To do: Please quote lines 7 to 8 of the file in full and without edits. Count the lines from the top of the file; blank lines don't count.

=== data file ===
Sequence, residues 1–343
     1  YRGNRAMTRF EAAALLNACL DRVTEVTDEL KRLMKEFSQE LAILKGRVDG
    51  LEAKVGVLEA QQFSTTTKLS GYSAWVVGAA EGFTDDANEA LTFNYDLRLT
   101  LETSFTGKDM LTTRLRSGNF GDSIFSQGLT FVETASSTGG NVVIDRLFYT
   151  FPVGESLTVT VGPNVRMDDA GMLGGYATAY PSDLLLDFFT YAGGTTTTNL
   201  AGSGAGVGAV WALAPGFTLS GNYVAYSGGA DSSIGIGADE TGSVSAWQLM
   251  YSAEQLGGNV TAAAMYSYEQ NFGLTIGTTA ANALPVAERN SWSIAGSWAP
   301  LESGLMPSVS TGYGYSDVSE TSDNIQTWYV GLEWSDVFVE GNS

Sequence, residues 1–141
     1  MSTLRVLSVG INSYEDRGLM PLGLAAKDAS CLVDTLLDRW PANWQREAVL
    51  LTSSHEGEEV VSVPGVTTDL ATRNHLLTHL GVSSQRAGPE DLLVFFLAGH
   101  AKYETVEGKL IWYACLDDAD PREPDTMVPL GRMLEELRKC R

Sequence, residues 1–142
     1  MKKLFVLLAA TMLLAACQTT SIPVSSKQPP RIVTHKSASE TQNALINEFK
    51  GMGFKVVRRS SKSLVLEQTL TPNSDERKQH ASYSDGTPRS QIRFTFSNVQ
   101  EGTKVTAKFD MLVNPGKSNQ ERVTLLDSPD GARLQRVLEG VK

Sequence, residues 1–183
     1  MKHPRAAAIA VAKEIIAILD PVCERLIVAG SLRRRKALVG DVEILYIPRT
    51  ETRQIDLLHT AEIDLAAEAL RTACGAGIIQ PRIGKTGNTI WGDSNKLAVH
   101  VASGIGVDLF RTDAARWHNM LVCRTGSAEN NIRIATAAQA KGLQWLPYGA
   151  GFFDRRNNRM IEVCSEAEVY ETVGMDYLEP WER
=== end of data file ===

   251  YSAEQLGGNV TAAAMYSYEQ NFGLTIGTTA ANALPVAERN SWSIAGSWAP
   301  LESGLMPSVS TGYGYSDVSE TSDNIQTWYV GLEWSDVFVE GNS